Made in China, the Javamill has a clear, BPA-free copolyester housing and grounds cup. The cast-alloy handle has a silicon rubber grip. Both of these parts separate from the bearing (cap) mechanism and reinsert from the other end to nest against the body. The grip also fits into the hopper or grounds cup. The conical ceramic burr grinder is stout, with a cast-alloy, Tshaped key to adjust grounds from very fine to very coarse. Crank a few test rotations to calibrate for your preparation method. Although it’s really about the resulting coffee, with a full hopper, the GSI consistently ground through beans faster than the Snow Peak, and just on the heels of the Porlex.

In storage, the GSI crank nests much better than the other grinders. The hopper lacks a “max fill” mark, so inserting too many beans prevents the bearing cap from seating. The detachable grip and handle, nesting so beautifully together, are also begging to get lost as the unit doesn’t come with a case. Fortunately, a small screwdriver through the bearing top also serves as a good cranking arm. I store the entire unit in a small stuff sack to prevent any pieces from becoming separated.


TRADITIONAL | Brass Coffee Grinder

I bought this grinder in Sarajevo months after the Dayton Accords were signed, which ushered peace into Bosnia and Herzegovina. Turks introduced this style of fineground coffee to the region. In Bosnia, it’s called Bosanska kafa. These grinders are ubiquitous in Bosnia and Herzegovina, and while some have been retired from commercial service, a few old town cafes still use the revered manual mills and customary conical pots put over an open flame to prepare coffee. Indeed, at home many people still prefer this traditional, sediment-laden java, which takes a while to prepare.

The best brass grinders, mostly hand finished, are found in traditional coppersmith workshops in Sarajevo. The folding handles have brass knobs, but the cranks are often cadmium-plated and look repurposed from Yugoslav TAM-150 military truck throttle linkages. The metal burrs, similar to a pulverizing mill, have an 8-millimeter bolt on the bottom to adjust the size of the grounds. Traditionally, Bosanska kafa is extremely fine (like a powder) so adjusting to the coarse setting will generate espresso grind, but not much larger. These mills are heavier and cruder in finish than the others, but they are field serviceable and will last many lifetimes.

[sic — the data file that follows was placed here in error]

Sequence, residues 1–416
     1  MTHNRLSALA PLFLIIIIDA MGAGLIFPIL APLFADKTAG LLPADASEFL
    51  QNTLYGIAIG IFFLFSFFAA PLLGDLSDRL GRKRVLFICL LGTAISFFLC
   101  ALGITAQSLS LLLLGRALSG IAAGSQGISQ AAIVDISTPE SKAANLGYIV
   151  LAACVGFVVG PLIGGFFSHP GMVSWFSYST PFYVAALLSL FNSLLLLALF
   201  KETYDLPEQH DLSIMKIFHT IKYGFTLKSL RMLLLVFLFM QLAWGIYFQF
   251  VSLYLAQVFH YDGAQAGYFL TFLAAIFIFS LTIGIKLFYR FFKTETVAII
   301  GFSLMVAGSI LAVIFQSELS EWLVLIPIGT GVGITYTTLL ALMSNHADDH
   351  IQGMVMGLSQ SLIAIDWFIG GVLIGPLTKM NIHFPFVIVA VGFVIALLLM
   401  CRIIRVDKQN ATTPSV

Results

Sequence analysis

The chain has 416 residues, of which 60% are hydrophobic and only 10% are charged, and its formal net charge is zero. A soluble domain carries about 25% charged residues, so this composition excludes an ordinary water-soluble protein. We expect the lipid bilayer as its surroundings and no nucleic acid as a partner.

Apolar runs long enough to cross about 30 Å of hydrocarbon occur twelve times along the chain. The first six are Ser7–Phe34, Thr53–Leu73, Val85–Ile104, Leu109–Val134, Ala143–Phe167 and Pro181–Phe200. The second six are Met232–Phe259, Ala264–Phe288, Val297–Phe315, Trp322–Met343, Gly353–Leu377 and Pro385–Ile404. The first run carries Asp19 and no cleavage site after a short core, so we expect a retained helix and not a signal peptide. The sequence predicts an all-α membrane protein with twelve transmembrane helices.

For Bryon, overland travel is often vocational necessity rather than a purely adventurous pursuit. To accomplish field research for a PhD in archaeology, he frequently rode a gear-laden BMW R100GS/PD roundtrip from Scotland to Croatia. He then worked as a contract archaeologist, taught field survey and excavation, and collaborated with the Department of Pre-and Protohistory, University of Zürich, before starting a consulting company. Work has led him to the Middle East, South Pacific, Americas, Africa, and Europe. Bryon is a photographer, scuba instructor, pilot, wilderness EMT, and certified public safety off-pavement vehicle operations instructor. He also conducts specialized safety courses for workforce members deployed to adverse locations, is on a search and rescue team, and serves in a law enforcement diving unit.